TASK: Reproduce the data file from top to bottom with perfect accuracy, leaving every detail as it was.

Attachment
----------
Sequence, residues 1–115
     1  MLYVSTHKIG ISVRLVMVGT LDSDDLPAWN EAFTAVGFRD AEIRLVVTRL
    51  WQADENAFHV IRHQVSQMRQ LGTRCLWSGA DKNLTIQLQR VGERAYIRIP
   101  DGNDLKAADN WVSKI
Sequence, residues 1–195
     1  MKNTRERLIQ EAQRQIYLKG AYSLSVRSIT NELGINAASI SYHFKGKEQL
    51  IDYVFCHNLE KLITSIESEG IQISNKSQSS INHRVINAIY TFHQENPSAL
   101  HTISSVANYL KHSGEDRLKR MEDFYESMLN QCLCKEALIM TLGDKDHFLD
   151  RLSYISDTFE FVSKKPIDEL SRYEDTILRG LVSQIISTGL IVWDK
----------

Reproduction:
Sequence, residues 1–115
     1  MLYVSTHKIG ISVRLVMVGT LDSDDLPAWN EAFTAVGFRD AEIRLVVTRL
    51  WQADENAFHV IRHQVSQMRQ LGTRCLWSGA DKNLTIQLQR VGERAYIRIP
   101  DGNDLKAADN WVSKI
Sequence, residues 1–195
     1  MKNTRERLIQ EAQRQIYLKG AYSLSVRSIT NELGINAASI SYHFKGKEQL
    51  IDYVFCHNLE KLITSIESEG IQISNKSQSS INHRVINAIY TFHQENPSAL
   101  HTISSVANYL KHSGEDRLKR MEDFYESMLN QCLCKEALIM TLGDKDHFLD
   151  RLSYISDTFE FVSKKPIDEL SRYEDTILRG LVSQIISTGL IVWDK